By Annie Ross
The Eagles are the diciest team in the NFC East, with a new head coach, potential for quarterback controversy, and few playmakers on either side of the ball.
That’s not how receiver Rueben Randle sees it.
“It’s all about us going out there and making sure we’re all on the same page and getting the job done,” Randle said at training camp this week. “Once we all get comfortable in this offense and we turn things into backyard football, it’s going to be exciting.
“I have yet to make the playoffs (in my career),” he added. “I want to see what I can do to help this team get there.”
The Eagles don’t look the part on paper this season.
New coach Doug Pederson has never been a head man before, incumbent QB Sam Bradford seems set to spend the season looking over his shoulder at prized first-round pick Carson Wentz, and the defensive backfield lacks a lockdown corner.
Randle knows all this but still hopes for the postseason. He spent the first four years missing out on the postseason with the Giants, and most view his tenure in East Rutherford as a disappointing one. Lauded as an “NFL-ready” prospect when he was drafted in the second round out of LSU in 2012, he never topped 10 TDs, 80 receptions or 1,000 receiving yards in a season.
He admitted that his tenure with the Giants was “a letdown,” although he insisted that that wasn’t because of his punchless stats — or the lack of interest he drew this offseason.
“It definitely was a letdown,” he said, “in that we didn’t win anything. If I don’t win, nothing really matters. I don’t care how good of a game I have. If I’m not winning, it’s really not fun at all.”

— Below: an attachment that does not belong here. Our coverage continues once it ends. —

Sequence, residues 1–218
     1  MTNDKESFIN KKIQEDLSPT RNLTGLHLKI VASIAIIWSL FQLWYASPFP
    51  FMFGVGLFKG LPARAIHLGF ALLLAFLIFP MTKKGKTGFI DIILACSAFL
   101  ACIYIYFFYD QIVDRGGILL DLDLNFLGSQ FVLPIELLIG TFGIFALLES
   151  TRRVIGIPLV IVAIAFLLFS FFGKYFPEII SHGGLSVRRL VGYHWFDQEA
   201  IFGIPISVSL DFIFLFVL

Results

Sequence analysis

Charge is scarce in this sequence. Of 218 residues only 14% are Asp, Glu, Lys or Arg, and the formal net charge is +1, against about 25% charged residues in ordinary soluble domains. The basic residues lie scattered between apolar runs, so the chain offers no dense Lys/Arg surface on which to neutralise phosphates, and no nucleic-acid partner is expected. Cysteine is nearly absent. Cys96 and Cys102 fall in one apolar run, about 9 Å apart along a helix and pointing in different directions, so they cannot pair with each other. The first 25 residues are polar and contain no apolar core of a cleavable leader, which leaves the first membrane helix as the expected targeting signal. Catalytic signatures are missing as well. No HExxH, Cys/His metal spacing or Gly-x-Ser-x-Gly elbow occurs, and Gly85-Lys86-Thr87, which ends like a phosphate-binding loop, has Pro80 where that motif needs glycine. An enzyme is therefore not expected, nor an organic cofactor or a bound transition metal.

He is having fun in Philly, though, at least early on. On Sunday, he made a highlight-reel catch that had Philly media buzzing, and on Monday, he continued to operate with the first team, used in a versatile role. With the Giants, Randle played almost solely on the outside, with only a brief training camp flirtation in the slot last year.
“You gotta know all the positions,” he said, “just in case someone goes down. I want to make plays all around.”
On Monday, Randle saw snaps at both outside spots and in the slot. The Eagles lack a distinct go-to receiver, which could create an opportunity for Randle, who spent his career with the Giants first playing behind Victor Cruz and the healthy Hakeem Nicks, then operating in the shadow of Odell Beckham Jr.
Randle said he doesn’t care to be a star, but he is cognizant of his new team’s lack of proven receiving playmakers and the opportunity before him. After four tumultuous years with the Giants, he said he feels revitalized.
“You get to run all different things here,” he said. “Just come out each day . . . I’m excited to see how it’s going to go. I’m not worried about where the star is. It’s if I’m out here helping my team win. That’s really my main goal.”